The government has identified seven critical areas of concerns, including taxation of retirement benefits, in the draft Direct Taxes Code and proposals are just "illustrative" and open to discussions, Finance Minister Pranab Mukherjee has said.
There is no need to think that a decision has been taken as these proposals are only "illustrative" and open for discussions, Mukherjee said.
The government plans to implement the Code from 2011-12 after addressing all concerns relating to controversial proposals like taxation of retirement savings, weeding out incentives for housing loans and changes in the Minimum Alternate Tax (MAT).
Giving the roadmap for the Code that will replace the Income Tax Act of 1961, he said, "It will be implemented from 2011. So, the finance bill of 2011-12 would be appropriate."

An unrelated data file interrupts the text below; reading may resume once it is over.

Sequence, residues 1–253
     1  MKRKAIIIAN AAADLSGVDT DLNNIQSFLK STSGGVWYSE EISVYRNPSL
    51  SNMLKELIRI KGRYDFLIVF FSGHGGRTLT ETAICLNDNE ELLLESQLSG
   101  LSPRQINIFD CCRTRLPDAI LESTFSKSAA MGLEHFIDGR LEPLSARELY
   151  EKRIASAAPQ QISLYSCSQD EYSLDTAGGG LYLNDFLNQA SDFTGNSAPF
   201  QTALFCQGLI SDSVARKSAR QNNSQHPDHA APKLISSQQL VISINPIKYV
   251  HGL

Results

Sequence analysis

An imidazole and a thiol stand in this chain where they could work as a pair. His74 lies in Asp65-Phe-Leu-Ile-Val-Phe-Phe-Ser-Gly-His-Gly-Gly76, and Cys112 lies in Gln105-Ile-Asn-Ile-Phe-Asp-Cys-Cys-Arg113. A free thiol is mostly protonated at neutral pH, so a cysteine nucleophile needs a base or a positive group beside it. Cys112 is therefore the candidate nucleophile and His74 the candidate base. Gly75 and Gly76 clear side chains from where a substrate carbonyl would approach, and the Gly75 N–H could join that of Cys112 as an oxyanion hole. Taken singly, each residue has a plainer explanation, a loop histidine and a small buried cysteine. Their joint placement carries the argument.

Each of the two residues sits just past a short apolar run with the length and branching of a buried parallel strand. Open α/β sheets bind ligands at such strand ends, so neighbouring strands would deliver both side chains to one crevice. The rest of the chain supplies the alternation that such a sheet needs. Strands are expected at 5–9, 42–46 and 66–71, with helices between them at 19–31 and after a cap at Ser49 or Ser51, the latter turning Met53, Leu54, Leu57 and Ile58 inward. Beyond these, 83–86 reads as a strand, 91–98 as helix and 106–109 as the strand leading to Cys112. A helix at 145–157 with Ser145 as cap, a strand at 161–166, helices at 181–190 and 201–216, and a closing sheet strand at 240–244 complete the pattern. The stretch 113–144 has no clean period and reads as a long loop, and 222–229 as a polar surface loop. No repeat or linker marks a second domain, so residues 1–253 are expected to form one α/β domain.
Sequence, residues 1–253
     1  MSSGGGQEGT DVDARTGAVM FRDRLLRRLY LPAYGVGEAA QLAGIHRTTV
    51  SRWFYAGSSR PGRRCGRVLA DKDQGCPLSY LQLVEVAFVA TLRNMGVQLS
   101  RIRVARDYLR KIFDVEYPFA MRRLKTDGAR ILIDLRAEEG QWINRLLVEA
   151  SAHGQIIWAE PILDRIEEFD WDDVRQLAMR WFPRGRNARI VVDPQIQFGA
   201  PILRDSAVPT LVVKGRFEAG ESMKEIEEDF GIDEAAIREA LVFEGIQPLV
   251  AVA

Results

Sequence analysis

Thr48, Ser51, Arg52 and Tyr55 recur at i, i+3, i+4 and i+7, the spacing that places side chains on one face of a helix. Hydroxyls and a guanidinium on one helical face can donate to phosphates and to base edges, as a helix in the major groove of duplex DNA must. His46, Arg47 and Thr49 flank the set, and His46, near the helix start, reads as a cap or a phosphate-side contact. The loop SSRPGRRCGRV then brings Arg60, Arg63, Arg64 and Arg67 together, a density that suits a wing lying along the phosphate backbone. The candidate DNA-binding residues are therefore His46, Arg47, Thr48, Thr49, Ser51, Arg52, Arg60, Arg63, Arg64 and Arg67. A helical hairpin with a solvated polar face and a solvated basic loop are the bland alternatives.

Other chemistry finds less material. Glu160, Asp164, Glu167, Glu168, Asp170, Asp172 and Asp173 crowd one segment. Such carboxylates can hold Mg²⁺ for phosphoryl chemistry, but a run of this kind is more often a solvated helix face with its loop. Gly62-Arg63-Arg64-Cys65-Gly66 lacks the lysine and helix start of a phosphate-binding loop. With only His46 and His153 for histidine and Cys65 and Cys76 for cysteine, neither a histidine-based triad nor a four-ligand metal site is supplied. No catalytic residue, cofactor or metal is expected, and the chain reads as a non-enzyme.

The government would consider suggestions related to the seven identified critical areas of concern, before giving it the final form.
The critical areas of concern include shifting the base for computation of Minimum Alternate Tax (MAT) from book profits to assets; capital gains taxation in case of non-residents; double tax avoidance agreements; General Anti-Avoidance Rules (GAAR); taxation of foreign companies; taxation of charitable institutions; and shift to EET system for taxation of savings.